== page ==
Most Read Contributor in South Africa, September 2016
Previously published in the Legal Times
The thought of Africa may conjure up images of disease, poverty,
wars, famine and downwardly progressing economies. Indeed, Africa
is sometimes regarded as a dark continent, attracting only those in
search of precious metals and hidden gems.
It is no wonder then that outsiders at times find it difficult
to make a positive association between this image of Africa and the
progressive intellectual-property rights system present on the
continent. With the supposed lack of infrastructure and market
awareness in Africa, there is often a perception that Africa has no
role to play in the global economy and there is, therefore, no
incentive for companies and multinational organisations to enter
the African marketplace to begin with.
However, this could not be further from the truth. What
outsiders often miss is that sub-Saharan Africa is widely
considered to be the world's second-fastest-growing region
after Asia, with a GDP forecast of 5.8% for 2012, and a foreign
direct investment which has increased from $9 billion in 2000 to
$88 billion in 2008. In fact, the economies of Africa enjoy a GDP
which increases year-on-year, and there is a burgeoning middle
class together with a rapidly growing technology and
In the interest of full disclosure, it should be pointed out
that most African countries have very small intellectual-property
professions, which means that there is little or no economic
incentive for any publisher to assume the financial burden of
launching and selling specialist law journals, law reports and
practitioners' reference works for most of these countries. For
the outsider, this generally means that information relating to the
filing of a patent, an opposition to a trade mark or a defence to
an action for copyright infringement is not easy to come by.
A second problem often faced by practitioners trying to navigate
the world of intellectual-property protection in Africa is that
there is often great difficulty communicating both within Africa
and between Africans and the outside world.
Indeed, levels of telecommunication penetration and,
particularly, the lack of broadband internet access have placed
greater importance on slower and less reliable communications media
such as fax and the regular postal service. This means that
information which, in many developed countries, one simply gathers
from an official website is far more difficult to access in
As such, the apprehension regarding obtaining IP protection in
Africa may stem more from the IP practitioners tasked with handling
matters in Africa than from the companies themselves. This lack of
information often results in a situation where time-consuming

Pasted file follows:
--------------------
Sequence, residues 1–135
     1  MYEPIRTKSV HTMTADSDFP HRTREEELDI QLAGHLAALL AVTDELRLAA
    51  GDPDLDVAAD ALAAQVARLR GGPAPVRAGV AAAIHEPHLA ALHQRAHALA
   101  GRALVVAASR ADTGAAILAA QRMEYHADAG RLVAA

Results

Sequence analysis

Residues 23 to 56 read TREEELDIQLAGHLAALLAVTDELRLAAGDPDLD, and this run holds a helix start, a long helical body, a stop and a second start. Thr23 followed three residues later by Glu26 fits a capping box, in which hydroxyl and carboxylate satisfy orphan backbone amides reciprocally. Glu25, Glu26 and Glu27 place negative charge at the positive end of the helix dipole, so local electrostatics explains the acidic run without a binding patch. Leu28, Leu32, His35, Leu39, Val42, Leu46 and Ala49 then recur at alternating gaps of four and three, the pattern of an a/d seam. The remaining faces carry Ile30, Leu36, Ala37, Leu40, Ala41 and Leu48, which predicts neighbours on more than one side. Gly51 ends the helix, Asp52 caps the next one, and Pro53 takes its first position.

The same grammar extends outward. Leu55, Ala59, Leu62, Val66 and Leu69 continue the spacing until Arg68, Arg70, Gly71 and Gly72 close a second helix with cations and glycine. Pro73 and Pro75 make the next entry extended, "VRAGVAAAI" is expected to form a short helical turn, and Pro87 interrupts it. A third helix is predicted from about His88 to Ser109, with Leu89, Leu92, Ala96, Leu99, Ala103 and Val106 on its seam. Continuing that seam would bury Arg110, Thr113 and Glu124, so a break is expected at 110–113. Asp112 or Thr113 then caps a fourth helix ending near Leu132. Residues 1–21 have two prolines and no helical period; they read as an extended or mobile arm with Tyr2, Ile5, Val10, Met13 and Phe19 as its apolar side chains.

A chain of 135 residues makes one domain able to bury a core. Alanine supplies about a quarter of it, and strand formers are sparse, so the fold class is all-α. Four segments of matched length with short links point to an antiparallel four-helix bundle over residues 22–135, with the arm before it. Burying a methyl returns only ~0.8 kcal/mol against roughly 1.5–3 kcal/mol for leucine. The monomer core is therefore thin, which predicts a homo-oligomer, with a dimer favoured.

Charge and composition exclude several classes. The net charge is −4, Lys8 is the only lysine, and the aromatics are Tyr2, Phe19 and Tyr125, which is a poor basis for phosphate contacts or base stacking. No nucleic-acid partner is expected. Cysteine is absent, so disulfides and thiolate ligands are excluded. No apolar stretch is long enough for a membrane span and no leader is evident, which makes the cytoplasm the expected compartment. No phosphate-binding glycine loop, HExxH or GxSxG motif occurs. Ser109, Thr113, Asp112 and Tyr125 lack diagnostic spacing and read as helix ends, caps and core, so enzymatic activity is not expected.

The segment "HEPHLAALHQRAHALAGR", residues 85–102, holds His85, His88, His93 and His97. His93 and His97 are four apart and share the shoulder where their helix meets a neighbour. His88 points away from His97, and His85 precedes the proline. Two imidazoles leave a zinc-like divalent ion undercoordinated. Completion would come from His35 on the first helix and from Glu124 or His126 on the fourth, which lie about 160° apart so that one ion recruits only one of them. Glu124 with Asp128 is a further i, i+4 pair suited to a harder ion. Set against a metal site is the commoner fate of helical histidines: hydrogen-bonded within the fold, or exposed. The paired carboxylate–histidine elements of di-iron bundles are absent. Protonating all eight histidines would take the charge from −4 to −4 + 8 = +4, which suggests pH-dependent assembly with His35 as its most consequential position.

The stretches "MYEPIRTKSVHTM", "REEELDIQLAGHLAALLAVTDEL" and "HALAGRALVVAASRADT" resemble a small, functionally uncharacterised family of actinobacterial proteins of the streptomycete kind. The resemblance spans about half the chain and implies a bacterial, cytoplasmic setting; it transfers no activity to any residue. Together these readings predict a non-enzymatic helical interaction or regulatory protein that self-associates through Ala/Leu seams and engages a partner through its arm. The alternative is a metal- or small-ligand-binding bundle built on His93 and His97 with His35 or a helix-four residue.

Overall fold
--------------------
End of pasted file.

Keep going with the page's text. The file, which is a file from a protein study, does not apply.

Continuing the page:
effort needs to be put into the completion of the simplest of
tasks, with frustrating and undue delays often being the
And so, South Africa is rising to face the African challenge.
Many South African law firms are strategically positioning
themselves as key role-players on the continent, with an impressive
and growing presence in Africa. These law firms are providing an
African solution to an African problem, by fostering strong
relationships with key personnel at each of the African
intellectual- property institutions, as well as with local law
firms in each of the African countries.
In addition, they have built up expert knowledge on the inner
workings of the local and regional intellectual-property systems in
Africa. This enables them to obtain information on
intellectual-property matters with minimum effort and no undue
From an intellectual-property perspective, clients seeking to do
business on the African continent can rely on their trusted
advisor, in the form of a leading South African legal firm, having
an indepth knowledge and understanding of the laws, practices,
customs and procedures in each African region, as opposed to having
to seek and develop a new advisory relationship in each
In conclusion, it should be borne in mind that Africa is
expected to continue enjoying substantial economic growth and
increased economic activity, and, as such, obtaining
intellectual-property protection and maintaining and enforcing
these rights should be at the top of any checklist of a company
seeking to obtain a dominant position in today's global
economy. This is where South African law firms have a key role to
play and are coming into their own quite remarkably.
The content of this article is intended to provide a general
guide to the subject matter. Specialist advice should be sought
about your specific circumstances.
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